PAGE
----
Reprint from Church Executive, April 2011

Tuesday, May 24, 2011

And on the Seventh Day.......

My wife and I recently returned from a brief 5-day trip to Mackinac Island, situated on the Straits of Mackinac and between the upper and lower peninsula of Michigan.

While it's difficult to admit, it was one of the first vacations I have taken in a while. It seems like there is always something going on, something urgent at the office to attend to and it's all too easy to ignore the need to rest and relax.

I don't know whether you call it a "moment" or an "Epiphany" or something else but God definitely seemed to be taking me to task about this idea of rest and relaxation.

Just a week before, one of my board members also chided me for my lack of attention to this concept of an extended rest that we so often ignore in this busy fast-paced world.

It just so happens that the trip also was an opportunity to catch up with some good friends that we hadn't seen in a number of years. We used to spend lots of time with them. Good neighbors, friends from church, adopted families and parents of children our children's age. When we were together again, even if briefly, it seemed like the time spent apart was not as great as the bonds that were drawing us together.

My wife (the smart one in our relationship) reminded me that it was the time that was invested in each other that likely was the reason we became such good friends. Time that is still available to invest in people both family and friends if we want to continue to have special friends.

Mackinac Island may not be the place for everyone: Just a small island with a tiny town, there are no cars, only bikes and horses. Cell phone service is lousy and 90% of the land is state-owned and consists of mainly trees and trails and beautiful views of Lake Huron and Lake Michigan. And other than the Grand Hotel of "Somewhere in Time" movie fame, most of the hotels are only fair.

At the same time, it was a great place to rest, relax and reacquaint ourselves with that inner need to take some time off. I need to do it more often. Maybe even every week, maybe every seventh day.

I think I read that somewhere.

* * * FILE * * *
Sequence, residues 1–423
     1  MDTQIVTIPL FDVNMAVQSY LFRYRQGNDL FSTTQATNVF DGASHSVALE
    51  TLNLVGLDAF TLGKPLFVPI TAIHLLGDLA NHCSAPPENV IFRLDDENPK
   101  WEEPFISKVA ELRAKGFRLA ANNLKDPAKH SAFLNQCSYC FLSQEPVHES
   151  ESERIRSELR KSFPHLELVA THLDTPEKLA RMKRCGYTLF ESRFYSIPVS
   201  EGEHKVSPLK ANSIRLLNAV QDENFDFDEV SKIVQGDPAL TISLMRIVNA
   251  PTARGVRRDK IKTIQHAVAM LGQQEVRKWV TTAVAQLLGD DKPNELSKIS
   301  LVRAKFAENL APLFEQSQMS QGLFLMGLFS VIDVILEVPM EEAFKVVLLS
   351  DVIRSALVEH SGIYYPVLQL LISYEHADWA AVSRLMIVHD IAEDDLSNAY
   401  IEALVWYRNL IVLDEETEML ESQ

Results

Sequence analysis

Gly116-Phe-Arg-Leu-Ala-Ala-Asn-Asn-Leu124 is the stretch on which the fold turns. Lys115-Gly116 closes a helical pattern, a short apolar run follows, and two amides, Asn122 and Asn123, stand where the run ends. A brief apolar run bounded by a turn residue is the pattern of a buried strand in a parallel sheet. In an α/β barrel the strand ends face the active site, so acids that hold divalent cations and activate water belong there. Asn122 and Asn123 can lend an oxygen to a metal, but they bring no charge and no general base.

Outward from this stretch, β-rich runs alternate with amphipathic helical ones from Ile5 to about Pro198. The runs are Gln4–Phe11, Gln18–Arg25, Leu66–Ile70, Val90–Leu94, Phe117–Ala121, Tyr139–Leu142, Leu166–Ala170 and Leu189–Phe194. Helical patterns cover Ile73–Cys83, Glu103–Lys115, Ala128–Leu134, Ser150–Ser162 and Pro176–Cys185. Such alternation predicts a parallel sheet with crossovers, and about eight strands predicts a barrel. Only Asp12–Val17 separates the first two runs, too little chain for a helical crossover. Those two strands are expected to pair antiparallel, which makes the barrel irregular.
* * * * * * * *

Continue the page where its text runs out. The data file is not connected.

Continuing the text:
Sunday, May 01, 2011

Three lessons on what matters

There are a few lessons that I've learned along the way about things that matter. Since my training is in finance and economics, it's no surprise that my lessons are quantitative rather than qualitative.

I thought I'd pass them along however:

1) Things that matter are measured.

If it's important, we find a way to measure it. While some things are relatively easy to measure (i.e. number of people, revenue, how long something takes), other things are more difficult. If something is difficult to measure that doesn't mean we don't measure it. For example, an employee's performance is a difficult measurement, but most HR professionals encourage an annual evaluation that is based on some standard assessment.

2) What you measure tells people what matters.

The lesson here is that people are watching. If you are a race car driver and never bother to measure how long it takes you to do the quarter mile people will think you are not very serious about racing. In an organization, if getting things done matter, measure what gets done and how long it takes. People will take notice.

3) There are a very limited number of measurements that can truly matter.

This is what I call the 'scoreboard' approach. In a football game, there are all kinds of things that are measured including time of possession, number of yards penalized, passer ratings, offensive yards, etc. The only thing that really matters however is the score. One team walks away a winner, the other goes home the loser. The thing that truly matters is the score.